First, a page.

When our World Cup of Investing finally concluded at the end of June, I learned that Dodge & Cox International Stock
Frankly, I didn't really understand why at the time. Infineon has historically bled cash and has profitable competitors in STMicroelectronics
Well, a change could finally be in the works. On Monday, Infineon reported that its chips featuring radio frequency identification technology, or RFID, would be used in "several million" U.S. passports. The Feds decided about a week ago to begin issuing RFID-enabled passports; 15 million citizens are expected to receive the new documents in the first year of the program.
Privacy and security concerns aside -- and there are several, such as how to prevent a hacker from wirelessly stealing data using a laptop and Wi-Fi connection placed near passport control -- Infineon could benefit hugely from the program and others like it.
No, really. Norway, Sweden, and home country Germany have already agreed to use Infineon's chips for electronic passports, which host personal data and the holder's picture in a digital file that can be read by a scanner. In addition, Infineon says that there are some 900 million passports globally, with 125 million exchanged annually.
Could that be a big enough opportunity to get Infineon back in the black? That's hard to say, but a superior value investor such as Bryan Cameron, who is atop the team that leads Dodge & Cox International, wouldn't invest simply on blind faith. It's more likely that his team understands that the market for RFID tags, transponders, and equipment is projected to reach into the tens of billions within a decade, and that Infineon is suddenly well-positioned to earn a tasty slice of that business. Color me equally intrigued.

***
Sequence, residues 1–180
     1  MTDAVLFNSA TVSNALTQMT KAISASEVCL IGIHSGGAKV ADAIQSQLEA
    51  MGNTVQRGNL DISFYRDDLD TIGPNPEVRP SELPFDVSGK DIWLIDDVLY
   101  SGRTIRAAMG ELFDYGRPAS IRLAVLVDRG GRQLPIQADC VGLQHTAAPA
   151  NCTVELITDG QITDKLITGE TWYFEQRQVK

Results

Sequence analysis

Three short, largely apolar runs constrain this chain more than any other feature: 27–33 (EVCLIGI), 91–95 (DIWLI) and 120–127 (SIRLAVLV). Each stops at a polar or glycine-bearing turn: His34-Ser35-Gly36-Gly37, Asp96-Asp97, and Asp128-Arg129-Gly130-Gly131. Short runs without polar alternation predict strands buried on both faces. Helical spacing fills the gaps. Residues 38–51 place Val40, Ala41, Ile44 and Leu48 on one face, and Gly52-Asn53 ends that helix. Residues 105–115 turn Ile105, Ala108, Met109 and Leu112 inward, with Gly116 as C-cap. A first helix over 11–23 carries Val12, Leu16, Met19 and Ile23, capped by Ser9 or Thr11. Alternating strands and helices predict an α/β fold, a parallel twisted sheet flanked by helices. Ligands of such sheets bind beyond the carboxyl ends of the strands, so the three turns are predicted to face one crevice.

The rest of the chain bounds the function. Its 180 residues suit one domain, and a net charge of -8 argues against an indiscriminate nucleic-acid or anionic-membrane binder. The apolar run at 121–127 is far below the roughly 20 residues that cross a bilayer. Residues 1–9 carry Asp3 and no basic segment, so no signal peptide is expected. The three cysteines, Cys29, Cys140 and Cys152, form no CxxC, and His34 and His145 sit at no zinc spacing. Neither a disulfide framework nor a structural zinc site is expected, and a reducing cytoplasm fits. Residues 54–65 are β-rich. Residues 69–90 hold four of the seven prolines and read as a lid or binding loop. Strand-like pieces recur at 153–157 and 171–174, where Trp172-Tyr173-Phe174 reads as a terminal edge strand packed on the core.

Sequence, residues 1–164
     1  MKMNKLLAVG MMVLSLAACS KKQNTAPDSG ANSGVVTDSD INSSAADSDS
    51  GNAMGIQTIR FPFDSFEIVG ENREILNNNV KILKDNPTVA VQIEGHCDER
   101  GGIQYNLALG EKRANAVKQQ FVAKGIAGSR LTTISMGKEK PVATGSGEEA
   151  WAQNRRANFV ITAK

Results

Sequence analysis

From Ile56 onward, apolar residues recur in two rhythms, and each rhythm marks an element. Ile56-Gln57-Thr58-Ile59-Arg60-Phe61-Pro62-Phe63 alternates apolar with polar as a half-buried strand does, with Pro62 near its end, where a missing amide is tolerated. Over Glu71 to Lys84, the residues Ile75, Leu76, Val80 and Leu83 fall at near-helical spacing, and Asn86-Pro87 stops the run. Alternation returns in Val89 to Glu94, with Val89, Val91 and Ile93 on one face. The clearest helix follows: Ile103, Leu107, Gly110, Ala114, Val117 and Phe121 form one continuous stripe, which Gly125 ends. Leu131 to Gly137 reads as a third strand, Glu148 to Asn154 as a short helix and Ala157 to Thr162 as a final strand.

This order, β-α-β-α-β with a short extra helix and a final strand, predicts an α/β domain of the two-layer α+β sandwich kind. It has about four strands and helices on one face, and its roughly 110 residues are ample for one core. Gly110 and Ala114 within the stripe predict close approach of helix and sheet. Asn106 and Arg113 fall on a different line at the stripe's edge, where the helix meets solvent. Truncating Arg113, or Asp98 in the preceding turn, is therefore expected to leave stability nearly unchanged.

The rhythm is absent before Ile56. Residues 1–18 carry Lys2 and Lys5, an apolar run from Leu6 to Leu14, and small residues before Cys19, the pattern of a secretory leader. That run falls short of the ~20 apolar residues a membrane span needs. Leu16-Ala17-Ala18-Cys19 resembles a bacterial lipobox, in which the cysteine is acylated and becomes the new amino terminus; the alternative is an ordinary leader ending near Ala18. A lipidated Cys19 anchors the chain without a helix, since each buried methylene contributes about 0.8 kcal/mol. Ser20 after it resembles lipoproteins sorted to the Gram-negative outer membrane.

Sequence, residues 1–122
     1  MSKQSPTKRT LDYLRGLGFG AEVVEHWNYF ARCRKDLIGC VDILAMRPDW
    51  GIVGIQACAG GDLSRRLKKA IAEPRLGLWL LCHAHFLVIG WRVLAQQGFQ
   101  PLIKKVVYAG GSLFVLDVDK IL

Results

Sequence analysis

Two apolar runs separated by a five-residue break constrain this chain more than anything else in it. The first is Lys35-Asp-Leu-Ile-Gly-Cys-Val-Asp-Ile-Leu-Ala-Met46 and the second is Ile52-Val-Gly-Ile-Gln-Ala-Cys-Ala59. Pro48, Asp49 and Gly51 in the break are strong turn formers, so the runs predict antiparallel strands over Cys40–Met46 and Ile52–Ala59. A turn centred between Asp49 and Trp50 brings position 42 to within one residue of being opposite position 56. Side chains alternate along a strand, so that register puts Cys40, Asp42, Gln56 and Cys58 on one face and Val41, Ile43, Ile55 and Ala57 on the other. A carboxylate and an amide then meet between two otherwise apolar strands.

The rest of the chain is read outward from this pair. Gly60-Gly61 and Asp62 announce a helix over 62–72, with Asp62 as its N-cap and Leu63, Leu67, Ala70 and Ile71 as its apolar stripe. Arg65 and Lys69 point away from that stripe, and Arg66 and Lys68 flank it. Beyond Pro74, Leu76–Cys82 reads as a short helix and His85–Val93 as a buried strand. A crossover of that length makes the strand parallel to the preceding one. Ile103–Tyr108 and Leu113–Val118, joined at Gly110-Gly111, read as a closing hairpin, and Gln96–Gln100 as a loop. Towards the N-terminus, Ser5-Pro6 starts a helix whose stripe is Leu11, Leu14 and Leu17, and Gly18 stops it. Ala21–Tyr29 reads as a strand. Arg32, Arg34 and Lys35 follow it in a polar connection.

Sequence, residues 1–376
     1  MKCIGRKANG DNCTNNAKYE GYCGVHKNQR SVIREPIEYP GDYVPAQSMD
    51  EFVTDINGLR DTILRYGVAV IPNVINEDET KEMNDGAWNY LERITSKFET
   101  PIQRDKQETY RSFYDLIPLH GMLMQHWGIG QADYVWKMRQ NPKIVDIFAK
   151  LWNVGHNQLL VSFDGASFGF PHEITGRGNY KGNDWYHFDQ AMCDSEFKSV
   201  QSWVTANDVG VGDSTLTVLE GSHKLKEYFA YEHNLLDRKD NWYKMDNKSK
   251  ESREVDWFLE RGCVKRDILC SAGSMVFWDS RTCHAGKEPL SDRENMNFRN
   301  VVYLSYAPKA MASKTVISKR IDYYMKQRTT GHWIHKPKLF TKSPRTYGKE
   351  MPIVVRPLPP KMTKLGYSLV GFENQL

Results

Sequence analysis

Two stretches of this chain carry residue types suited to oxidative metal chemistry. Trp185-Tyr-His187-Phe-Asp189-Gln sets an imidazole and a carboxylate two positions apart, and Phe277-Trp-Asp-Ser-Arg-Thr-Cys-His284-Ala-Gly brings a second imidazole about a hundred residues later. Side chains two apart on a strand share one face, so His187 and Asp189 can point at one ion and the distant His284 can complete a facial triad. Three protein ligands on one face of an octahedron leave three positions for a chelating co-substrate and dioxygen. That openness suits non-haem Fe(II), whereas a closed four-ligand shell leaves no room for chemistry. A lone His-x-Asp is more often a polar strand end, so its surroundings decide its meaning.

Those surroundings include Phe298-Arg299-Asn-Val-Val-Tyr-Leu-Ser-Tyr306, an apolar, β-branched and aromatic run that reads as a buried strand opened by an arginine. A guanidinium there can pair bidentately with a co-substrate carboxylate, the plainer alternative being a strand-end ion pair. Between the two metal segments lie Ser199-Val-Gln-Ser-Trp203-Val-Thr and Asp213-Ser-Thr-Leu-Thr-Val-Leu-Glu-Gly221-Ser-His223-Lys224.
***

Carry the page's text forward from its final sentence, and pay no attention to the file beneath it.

Your passport to related Foolishness awaits:
- Stay for 1,0001 Teutonic nights and get introduced to Infineon.
- Is Infineon a dreadful stock to avoid?
Dodge & Cox International is just one of many superior performers in Shannon Zimmerman's Motley Fool Champion Funds portfolio, which is up an average of 18% versus just 10% for their comparable benchmarks. Ask us for an all-access pass to get an unfettered look at all of Shannon's picks, manager interviews, and model portfolios. Go ahead ; it's free for 30 days and there's no obligation to buy.
Fool contributor Tim Beyers wonders when RFID will produce a real Rule Breaker. Get the skinny on all of the rebellious stocks in Tim's portfolio by checking his Fool profile. The Motley Fool's disclosure policy is among the jet set.